Starting up? Keep this in Mind
After your plan is ready, divide your sales by two, divide your gross margins by 2 and multiply your costs by 2
These are indeed exciting times. Thousands of Indians are throwing away the security of a job and starting up. If you are planning to start up, here are some things I have learnt as an entrepreneur of over 15 years, which you may find helpful.First check if you are cut out to be an entrepreneur. It is not enough for an entrepreneur to be smart, intelligent, hardworking, thick-skinned, multi-tasking, people’s person etc. A first generation entrepreneur must be “brupid” — a combination of bravery and stupidity to start up.
In addition, an entrepreneur must possess uncompromisingly high standards of personal integrity.
1. Most entrepreneurs are obsessed with the big idea. Frankly ideas are worthless; a dime a dozen. Instead focus on a customer problem you are trying to solve. This problem-solution should define your startup. If you are planning a different solution to an existing problem, ensure your solution is better, faster, cheaper than the existing ones (your competition). You should try and tick at least two of the boxes. If you can tick all three, which means your solution is better and faster and cheaper than competition, you have a potential winner on your hands.
Then talk to as many customers (B2C or B2B) as you can and find out if enough of them will be willing to pay for your solution. This will determine if you can build a scalable business model.
2. There is no specific rule on the minimum number of co-founders but anything beyond four may become cumbersome. You can even be a sole founder if it works for you. All co-founders must have some common backgrounds: friends, college mates, hostel mates, school classmates, colleagues, customers, partners etc.
The experience of having spent time together earlier will help when the startup faces tough times. It is also important that the co-founders bring different strengths and skills to the table. There’s really no point if all four co-founders can write great code but no one has any sales, marketing or operations experience.
3. Build a business plan next. Make this as detailed and comprehensive as possible with sharp strategies, detailed SWOTs and clear numbers. I suggest a '2 X 2 X 2' theory to make your plan robust. After your plan is ready, try this: divide your sales by two, divide your gross margins by 2 and multiply your costs by 2. This is your real plan because it allows for things to go wrong. Remember, in a start-up, shit happens.
4. Never ever forget that the purpose of your business is to make money and not raise money. Too many entrepreneurs in India believe that the only metric for success of a startup is the number of funding rounds it raises.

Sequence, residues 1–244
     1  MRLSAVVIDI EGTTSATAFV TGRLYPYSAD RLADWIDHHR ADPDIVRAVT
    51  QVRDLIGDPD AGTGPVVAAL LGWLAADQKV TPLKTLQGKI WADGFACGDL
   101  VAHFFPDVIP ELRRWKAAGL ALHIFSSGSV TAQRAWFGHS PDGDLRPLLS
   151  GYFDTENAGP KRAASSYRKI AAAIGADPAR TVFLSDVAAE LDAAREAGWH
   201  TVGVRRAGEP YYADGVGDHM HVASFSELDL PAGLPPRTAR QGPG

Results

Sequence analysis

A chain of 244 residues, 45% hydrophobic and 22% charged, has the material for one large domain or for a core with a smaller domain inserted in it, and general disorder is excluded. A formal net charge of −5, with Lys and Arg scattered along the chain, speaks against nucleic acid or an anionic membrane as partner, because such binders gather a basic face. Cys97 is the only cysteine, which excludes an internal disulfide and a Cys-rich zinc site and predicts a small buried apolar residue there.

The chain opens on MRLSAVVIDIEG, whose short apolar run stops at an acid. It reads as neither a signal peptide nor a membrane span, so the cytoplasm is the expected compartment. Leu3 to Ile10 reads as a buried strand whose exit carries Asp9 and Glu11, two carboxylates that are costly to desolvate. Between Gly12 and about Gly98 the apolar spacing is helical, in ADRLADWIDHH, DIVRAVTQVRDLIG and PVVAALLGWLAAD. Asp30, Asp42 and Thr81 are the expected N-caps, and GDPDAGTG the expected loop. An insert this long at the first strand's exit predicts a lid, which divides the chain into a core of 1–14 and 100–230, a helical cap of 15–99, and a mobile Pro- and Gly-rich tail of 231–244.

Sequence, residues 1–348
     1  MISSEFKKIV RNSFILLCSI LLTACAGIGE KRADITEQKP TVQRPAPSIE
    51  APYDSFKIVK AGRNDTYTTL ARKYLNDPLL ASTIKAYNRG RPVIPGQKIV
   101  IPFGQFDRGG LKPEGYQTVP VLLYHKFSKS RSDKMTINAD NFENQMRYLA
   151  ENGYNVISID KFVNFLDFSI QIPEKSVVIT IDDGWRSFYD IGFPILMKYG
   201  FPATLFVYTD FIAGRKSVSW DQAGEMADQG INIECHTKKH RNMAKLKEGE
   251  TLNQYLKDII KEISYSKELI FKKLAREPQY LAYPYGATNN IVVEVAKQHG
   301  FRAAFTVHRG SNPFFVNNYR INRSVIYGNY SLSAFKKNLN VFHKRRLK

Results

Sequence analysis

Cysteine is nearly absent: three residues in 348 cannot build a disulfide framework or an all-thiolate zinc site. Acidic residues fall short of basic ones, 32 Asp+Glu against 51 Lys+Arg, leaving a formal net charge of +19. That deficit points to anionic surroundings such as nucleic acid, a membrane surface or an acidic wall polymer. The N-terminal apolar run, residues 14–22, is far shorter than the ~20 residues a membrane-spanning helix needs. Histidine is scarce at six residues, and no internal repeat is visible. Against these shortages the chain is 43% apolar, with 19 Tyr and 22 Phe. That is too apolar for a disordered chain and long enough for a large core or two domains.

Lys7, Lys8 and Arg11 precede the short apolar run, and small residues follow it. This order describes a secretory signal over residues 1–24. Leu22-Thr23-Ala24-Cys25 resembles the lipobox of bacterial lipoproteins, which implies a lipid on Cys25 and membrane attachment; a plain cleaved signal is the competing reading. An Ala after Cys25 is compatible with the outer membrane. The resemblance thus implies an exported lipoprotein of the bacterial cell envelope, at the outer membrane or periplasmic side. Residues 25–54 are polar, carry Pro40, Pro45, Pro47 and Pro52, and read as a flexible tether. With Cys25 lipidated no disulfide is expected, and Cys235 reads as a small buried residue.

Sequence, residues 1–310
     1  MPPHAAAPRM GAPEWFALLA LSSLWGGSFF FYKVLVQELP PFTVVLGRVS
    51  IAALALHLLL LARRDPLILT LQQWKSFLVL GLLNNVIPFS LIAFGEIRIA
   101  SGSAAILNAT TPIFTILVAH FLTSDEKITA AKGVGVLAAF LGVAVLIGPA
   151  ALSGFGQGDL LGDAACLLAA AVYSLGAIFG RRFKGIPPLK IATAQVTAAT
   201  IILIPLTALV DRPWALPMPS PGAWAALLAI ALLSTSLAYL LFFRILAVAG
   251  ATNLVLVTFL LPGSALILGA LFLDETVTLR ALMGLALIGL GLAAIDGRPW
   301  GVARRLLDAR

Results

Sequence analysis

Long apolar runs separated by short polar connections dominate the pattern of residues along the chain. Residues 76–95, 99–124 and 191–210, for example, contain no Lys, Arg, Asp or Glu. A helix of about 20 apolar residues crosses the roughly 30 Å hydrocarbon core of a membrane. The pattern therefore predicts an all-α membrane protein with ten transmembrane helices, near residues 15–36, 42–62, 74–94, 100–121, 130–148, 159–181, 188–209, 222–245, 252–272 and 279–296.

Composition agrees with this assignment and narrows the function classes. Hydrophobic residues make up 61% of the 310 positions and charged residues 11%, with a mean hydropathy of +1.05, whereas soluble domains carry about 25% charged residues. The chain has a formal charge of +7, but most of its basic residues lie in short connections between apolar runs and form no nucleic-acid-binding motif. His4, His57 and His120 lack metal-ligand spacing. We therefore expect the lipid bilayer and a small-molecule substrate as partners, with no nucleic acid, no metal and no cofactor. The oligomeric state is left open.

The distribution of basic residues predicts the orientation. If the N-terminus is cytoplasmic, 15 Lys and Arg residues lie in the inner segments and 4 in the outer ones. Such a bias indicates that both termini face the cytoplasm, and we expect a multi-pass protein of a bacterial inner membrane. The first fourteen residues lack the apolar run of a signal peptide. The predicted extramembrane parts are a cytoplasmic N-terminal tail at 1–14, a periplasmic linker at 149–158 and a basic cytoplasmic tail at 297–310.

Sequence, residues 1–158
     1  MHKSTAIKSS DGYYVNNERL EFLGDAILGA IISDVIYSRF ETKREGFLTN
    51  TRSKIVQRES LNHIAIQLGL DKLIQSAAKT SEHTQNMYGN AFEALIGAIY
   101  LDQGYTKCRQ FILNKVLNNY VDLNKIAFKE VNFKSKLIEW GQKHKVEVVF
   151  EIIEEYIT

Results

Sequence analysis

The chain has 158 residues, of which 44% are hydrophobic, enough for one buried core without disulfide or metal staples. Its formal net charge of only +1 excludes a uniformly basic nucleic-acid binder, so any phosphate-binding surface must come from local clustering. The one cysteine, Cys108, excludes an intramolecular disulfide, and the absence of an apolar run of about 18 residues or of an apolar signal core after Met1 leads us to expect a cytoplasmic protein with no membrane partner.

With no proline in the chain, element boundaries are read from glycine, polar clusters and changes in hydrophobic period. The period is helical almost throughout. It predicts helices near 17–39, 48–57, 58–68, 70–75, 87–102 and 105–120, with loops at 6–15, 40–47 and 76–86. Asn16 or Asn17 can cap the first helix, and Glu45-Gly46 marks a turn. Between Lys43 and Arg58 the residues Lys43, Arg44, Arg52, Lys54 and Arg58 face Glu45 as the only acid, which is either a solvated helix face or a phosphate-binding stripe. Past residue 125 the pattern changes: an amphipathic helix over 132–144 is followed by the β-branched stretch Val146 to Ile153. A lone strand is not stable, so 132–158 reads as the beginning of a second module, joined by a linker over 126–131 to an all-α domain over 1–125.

Nothing can be further from the truth. If you have raised lots of funding and still need more capital to fund your losses, it just shows that your business is badly managed. Remember, a business has no business being called a business if it does not make money.
5.Pundits will tell you to fail fast and pivot. Do not believe this. You should think hard, evaluate all options, asses the risks and challenges and then start a venture. Once you do this, persevere with your mind, body, heart and soul and give your startup the time and respect it deserves. Too many entrepreneurs start a venture and after six months decide to do something else. This is neither pivoting nor failing fast. It just shows poor thinking and planning.
6. Keep a tight control on costs and expenses. Follow this simple rule: till you achieve break even, spend money only on stuff that your customer will see or experience. Too many entrepreneurs raise funds from investors and promptly spend it on buying fancy personal cars and renting expensive office spaces which is a bad practice.
7.Build systems and processes from day one and do not postpone this activity for later. Without robust systems and processes, your business will never scale well.
8. Success is a matter of luck, ask any failure. The most important ingredient for your start-up to succeed is good fortune. Unfortunately, you cannot plan or prepare for this. You will find out if you are lucky or not only after starting up.
9. So, go ahead and start up. Over 95% of all start-ups will fail but 100% of entrepreneurs will succeed. Starting up is success in itself.
K. Vaitheeswaran is the author of the recently released book “Failing to Succeed - the story of India’s first e-commerce company” and is widely hailed as the 'father of e-commerce in India'. He co-founded India's first e-commerce company Fabmart.com (later rebranded Indiaplaza.com) in 1999.
In 2001, he co-founded the Fabmall supermarket chain, which was subsequently acquired by the Aditya Birla Group and rebranded 'More'.
Vaitheeswaran has advised global brands, including Deloitte, Diageo and Tata, among others, in their digital initiatives; mentors several start-ups; and is well known in the Indian start-up scene. He is a popular speaker on entrepreneurship at industry forums and institutes, including IITs and IIMs.He lives in Bengaluru with his wife and son.